Evil tapped a victory dance and the Nazi war machine devoured people. Thousands. Chomp. Chomp. Chomp. Here where the Blue Bird sings today. I used to say that if I had lived then, I would have raised my bony fist and screamed down the gates of tyranny.
But, I no longer voice that sentiment – not since a Christian friend working for a secular, cross-governmental, anti-trafficking organization mentioned that he meets a lot of people like me.
“Many people tell me what they would have done in another period of history, as if it would have birthed a different response in them. I tell them, ‘No you would not have.’
He says it matter-of-factly, “If the story of the current 32 million slaves in the world does not move you, neither would any other plea from humanity.” [Tweet this @TSunberg]
In patient tones, I explain that the Church feels helpless. “Our hands are tied.”
“Like a 12-year old trafficked and sold for sex?”
He watches me shift uncomfortably and then he implores the Church to act. Governments, NGO’s, and even global partnerships are not enough. The Church is uniquely situated to win this war and without an intentionally focused Christ-body, this generation loses the fight for freedom.
SIX WAYS YOUR CHURCH CAN MAKE A DIFFERENCE IN ANTI-TRAFFICKING
1. Be aware of vulnerability
The plight of trafficked millions entered the global stream of consciousness at the turn of the 21st century. Today, there is issue-based recognition but, the root of dismantling the industry lies with creating awareness that prompts community development. When businesses, neighborhoods, organizations and churches begin to harness the power of their presence for active prevention, then, awareness becomes real power.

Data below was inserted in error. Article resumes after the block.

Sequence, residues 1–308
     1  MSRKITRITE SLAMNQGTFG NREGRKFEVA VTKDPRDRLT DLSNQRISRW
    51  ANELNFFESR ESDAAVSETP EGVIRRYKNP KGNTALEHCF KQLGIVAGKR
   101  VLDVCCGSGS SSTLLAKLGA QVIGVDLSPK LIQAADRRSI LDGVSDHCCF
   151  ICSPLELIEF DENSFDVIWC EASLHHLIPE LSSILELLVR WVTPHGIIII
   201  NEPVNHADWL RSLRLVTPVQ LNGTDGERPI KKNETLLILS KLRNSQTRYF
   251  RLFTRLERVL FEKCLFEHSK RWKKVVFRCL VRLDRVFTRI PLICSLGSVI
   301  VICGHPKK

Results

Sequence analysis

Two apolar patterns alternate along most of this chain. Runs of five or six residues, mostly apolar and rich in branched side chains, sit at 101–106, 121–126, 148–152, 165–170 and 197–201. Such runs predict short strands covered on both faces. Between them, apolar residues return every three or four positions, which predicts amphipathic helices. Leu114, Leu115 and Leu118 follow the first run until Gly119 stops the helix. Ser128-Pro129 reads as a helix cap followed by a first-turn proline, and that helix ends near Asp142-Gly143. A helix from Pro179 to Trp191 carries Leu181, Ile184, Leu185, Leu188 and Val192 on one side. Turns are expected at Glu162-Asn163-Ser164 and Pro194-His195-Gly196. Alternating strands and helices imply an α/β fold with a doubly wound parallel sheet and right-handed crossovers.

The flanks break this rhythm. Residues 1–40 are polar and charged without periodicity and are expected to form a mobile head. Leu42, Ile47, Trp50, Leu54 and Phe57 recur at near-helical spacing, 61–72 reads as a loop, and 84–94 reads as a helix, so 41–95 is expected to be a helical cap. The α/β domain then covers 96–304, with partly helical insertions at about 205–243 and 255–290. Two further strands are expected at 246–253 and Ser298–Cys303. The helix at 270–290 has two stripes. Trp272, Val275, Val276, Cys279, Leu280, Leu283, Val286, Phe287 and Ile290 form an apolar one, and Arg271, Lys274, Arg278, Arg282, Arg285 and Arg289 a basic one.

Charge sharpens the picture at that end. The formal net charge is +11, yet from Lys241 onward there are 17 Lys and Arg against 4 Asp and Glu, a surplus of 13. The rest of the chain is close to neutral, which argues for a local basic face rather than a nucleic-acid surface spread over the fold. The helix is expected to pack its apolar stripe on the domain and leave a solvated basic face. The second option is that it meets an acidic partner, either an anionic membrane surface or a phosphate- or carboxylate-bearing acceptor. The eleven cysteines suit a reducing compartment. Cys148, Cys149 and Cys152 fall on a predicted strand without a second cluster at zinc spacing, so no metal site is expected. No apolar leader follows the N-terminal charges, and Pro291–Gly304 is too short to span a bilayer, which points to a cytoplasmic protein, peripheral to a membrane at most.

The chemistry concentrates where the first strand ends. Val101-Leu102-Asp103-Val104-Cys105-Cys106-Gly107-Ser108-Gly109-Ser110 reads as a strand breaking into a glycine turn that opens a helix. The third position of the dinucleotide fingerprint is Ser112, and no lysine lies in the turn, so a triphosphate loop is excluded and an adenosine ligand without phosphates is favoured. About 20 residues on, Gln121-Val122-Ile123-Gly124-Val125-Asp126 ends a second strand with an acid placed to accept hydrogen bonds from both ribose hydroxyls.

Multiple layers of society need to be educated about awareness. That education looks different for each group.
Everyone must learn to spot and protect vulnerable people.
Vulnerable people, such as children, the impoverished, the neglected, must learn how to recognize and to reject exploitive persons.
Those who would become exploiters must be aware that they have other economic opportunities.
2. Be present in difficult places
Governments and NGO’s have money, but often lack grass-roots infrastructures for effective prevention and rescue. The Church, however, is present at an unprecedented, hands-on level in communities across the globe.
A strategic Body can root itself into a community and become that layer of protection to identify the next girl to be prostituted and the next boy to be pimped. Being present to develop economic options that remove vulnerability and to establish financial independence is crucial.
To intentionally live and work with vulnerable people will develop relationships that can strangle the trafficking pipe-line. This war will be won in a one to one, every boot on the ground battle. Effective anti-trafficking will not be sanctioned by government, or cured with programming alone. The end to slavery will happen when holy people, in combination with government and programs, are motivated to be actively present in hell on earth.
3. Step away from the church culture
For so long, Christians have enclosed themselves within the safe walls of the church and developed a vocabulary and culture that can sound odd to others. Secular organizations can be hesitant to partner, fearing manipulation or poor practice until we learn to communicate in authentic, professional and intelligible ways that are free of the christian dialect.
Healthy evangelization means working with secular people for temporal good absent of the pressure to lead them to Christ. Focus on building healthy relationships of respect and be ready to give witness when you are invited to do so. Pray. Learn to see people as people, not as salvation projects.
Trusting the Holy Spirit is not an abdication of our Christian responsibility, rather, it is a reliance on Grace to open doors and hearts.
4. Change the boy culture